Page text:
How to Break Down Sheet Material Easily!

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Introduction: How to Break Down Sheet Material Easily!

About: Maker On YouTube

I'm working on a project at the moment that is using a lot of MDF. I have limited space and find it difficult to cut full sheets on my own. I came up with a very basic solution of making a frame to cut the full sheet on top of. Its made form treated 2x4's so it can be stored outside behind my shed.

I have a video here showing the entire process:

Materials used:

  • Treated 2x4's
  • 6mm MDF
  • 10cm Wood Screws
  • Wood Glue

Tools Used:

Step 1: Make the Frame

To make room for clamps and to also make the frame easier to store I made it roughly 6ft x 3ft. This way the full 8ft x 4ft sheet is supported well and there is an overhang space to add clamps.

I start by cutting 2 pieces to 180cm and 4 pieces to 90cm. The longer pieces will be the outside pieces and 2 of the shorter piece will attach at the end. The other 2 shorter pieces will be placed in the middle. I was going to space them evenly apart but I opted for one slightly closer to the edge and one slightly further away. My reason behind this was in case I want to cut narrower pieces on the frame I have the option to support it then. If they were evenly spaces I would be limited a lot more.

With the pieces cut I simply drilled pilot holes and screwed in 2 10cm wood screw at each joint. the joints dont have to be very strong, the frame just needs to hold together. The reason for using 2x4's (100mx50mm) was so I could leave a decent space at the top of the wood free from screws. This will allow the circular saw blade to pass through without worry of hitting the metal screws underneath.

Step 2: Make the Saw Guide Rail

To make the guide rail I used 6mm MDF. To work out the sizes I needed to cut the pieces I measured from the edge of my circular saw base to the my blade which was 10cm. I then added on 1cm (you could add more if you wanted) which gave me 11cm total. I decided to use the same size for my fence piece too. It would give me room to add clamps out of the way of the circular saw motor.

So for my circular saw (Ryobi 18v) I needed 1 piece cut to 11cm wide for the fence and 1 piece cut to 22cm wide for the base. This will give me room to glue the fence onto the base leaving 11cm exposed. Please see pics to get a better idea of what I mean.

I simply glue the fence onto the base trying to line it up flush along the one side. its not critical but you don't want it too far off.

With the glue dry you can cut it to fit your circular saw perfectly.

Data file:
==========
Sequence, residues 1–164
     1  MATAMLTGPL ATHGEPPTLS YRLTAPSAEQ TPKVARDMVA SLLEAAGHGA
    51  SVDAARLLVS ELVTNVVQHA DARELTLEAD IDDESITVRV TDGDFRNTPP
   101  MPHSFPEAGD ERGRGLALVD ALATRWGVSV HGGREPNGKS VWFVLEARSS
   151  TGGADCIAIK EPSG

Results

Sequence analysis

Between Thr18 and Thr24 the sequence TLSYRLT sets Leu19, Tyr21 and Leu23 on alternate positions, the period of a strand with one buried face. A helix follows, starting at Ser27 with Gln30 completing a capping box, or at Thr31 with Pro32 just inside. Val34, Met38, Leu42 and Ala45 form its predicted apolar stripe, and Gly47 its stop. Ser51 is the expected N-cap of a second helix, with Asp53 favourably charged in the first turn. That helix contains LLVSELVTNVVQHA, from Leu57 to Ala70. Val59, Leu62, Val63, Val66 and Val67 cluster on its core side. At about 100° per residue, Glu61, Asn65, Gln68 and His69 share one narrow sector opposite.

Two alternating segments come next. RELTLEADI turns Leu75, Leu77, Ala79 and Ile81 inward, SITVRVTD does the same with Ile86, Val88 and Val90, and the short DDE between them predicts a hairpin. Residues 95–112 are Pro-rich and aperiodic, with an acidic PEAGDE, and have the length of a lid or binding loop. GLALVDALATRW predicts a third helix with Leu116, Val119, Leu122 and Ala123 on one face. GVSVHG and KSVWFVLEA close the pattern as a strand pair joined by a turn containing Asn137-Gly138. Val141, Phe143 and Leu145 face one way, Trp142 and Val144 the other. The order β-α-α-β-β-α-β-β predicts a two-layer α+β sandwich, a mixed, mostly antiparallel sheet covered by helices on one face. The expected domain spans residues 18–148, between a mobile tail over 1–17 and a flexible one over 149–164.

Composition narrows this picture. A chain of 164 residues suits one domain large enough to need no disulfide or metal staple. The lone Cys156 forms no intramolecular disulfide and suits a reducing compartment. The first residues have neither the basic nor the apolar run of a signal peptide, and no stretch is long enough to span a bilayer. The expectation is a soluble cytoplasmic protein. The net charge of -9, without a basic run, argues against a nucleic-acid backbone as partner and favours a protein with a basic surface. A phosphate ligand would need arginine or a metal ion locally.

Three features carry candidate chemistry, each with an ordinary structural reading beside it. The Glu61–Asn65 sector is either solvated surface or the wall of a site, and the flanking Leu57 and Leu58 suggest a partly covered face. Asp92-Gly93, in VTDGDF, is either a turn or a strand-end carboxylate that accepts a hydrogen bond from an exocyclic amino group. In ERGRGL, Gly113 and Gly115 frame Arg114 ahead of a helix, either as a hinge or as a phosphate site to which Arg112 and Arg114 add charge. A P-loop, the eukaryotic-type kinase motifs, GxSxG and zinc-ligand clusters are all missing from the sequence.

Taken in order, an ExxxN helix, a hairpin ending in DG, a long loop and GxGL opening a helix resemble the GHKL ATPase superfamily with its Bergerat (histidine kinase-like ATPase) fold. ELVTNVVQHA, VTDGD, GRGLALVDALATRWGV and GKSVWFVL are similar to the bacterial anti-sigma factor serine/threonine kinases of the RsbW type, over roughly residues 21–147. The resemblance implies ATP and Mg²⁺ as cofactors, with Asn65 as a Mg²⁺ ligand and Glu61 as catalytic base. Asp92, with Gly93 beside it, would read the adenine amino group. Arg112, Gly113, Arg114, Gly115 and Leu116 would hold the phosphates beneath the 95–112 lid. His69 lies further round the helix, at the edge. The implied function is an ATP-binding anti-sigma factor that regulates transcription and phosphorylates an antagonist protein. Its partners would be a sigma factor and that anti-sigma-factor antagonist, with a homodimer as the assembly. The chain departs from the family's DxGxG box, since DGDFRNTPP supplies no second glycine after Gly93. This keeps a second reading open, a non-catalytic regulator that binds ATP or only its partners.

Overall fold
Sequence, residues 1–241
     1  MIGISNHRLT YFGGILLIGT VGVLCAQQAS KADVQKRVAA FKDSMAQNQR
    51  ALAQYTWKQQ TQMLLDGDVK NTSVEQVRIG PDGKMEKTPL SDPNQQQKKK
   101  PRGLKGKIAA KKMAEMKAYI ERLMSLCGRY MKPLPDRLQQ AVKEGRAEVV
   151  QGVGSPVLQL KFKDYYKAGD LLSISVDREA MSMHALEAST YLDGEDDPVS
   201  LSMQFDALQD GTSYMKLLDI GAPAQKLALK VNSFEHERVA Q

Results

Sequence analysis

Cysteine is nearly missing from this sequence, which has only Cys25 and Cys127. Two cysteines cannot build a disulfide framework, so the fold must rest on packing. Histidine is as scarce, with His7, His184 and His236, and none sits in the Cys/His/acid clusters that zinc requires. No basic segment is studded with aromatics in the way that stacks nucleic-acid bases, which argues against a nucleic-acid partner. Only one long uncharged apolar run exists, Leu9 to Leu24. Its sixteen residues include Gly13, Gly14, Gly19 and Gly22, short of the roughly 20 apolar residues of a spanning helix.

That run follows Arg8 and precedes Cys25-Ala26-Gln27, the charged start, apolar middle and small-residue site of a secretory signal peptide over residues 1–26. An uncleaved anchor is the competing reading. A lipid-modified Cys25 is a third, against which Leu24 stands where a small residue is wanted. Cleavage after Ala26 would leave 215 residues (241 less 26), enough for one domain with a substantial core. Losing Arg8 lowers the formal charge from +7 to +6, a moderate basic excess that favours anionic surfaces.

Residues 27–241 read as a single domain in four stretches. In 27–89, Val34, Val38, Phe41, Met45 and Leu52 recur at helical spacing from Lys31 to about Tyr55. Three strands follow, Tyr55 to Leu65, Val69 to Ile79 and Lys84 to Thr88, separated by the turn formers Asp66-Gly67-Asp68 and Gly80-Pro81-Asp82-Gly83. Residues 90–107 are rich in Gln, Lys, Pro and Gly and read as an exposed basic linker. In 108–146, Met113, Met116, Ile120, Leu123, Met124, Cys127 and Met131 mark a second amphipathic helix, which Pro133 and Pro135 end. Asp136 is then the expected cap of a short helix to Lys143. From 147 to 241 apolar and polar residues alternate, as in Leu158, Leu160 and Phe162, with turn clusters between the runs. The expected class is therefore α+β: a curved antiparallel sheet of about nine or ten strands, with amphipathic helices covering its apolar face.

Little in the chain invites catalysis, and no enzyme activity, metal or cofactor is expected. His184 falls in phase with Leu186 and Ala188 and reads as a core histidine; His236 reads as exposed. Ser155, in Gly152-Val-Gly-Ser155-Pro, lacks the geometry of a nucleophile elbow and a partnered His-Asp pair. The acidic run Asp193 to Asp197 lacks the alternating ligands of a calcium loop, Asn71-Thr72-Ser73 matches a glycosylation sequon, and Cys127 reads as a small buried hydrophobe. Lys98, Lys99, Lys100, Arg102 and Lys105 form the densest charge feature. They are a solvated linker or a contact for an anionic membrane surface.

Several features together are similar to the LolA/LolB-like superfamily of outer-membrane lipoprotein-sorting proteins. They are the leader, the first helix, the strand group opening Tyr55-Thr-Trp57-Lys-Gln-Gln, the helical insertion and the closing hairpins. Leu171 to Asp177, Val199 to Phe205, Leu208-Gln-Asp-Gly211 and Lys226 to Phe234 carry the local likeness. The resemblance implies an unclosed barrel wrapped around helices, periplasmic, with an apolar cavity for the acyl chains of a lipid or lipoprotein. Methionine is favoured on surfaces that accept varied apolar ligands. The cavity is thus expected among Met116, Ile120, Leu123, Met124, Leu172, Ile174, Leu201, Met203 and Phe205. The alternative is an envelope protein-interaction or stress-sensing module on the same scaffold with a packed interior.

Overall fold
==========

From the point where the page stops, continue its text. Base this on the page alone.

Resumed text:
Keep the saw pressed tight up against the fence and make the cut. The extra 1cm is cut off leaving an edge that fits perfectly along the edge of your saw blade. You can now simple place the guide on you mark and know it will all line up perfectly.

Step 3: Cut the Sheet Material

Now to break down the MDF all I have to do is set the frame on the floor (or on a stand if you prefer) and place my full sheet on top.

I can then measure 3 points for my cut and line up the guide rail with those points. Remember to cut on the waste side of your line. Then add a couple of clamps to hold it in place.

Then simply make the cut. As long as the saw is tight up against the fence you will get a perfect cut every time.

Like I said its very basic but I hope you found it helpful.

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    37 Comments

    Good, quick, simple and cheap solution. Definitely something I'll consider in the future. Good to hear a West Midlands accent on Instructables - I'm Notts born & bred. One little thing though - our American friends would probably appreciate everything in imperial measurements, so using both is probably the way to go for videos. You started off using both then went on to just use metric for a coupe of measurements. Hope you don't think I'm being too picky!

    7 replies

    I mean, how often do you come here and get something right down to the exact measurements? I come here to see techniques, and I'll work the exact details to fit what I've got available. I'll just do the measurements in my native system.

    Great idea - I have a similar set up but with more cross rails set on edge to support the material and the lengths set flat, That way the board is nearly 50mm clear of the lengthways rails so you can cut across without risk of cutting into them. I usually allow about 5 to 10mm blade depth clear throught the material being cut to make sure it's cut clean through.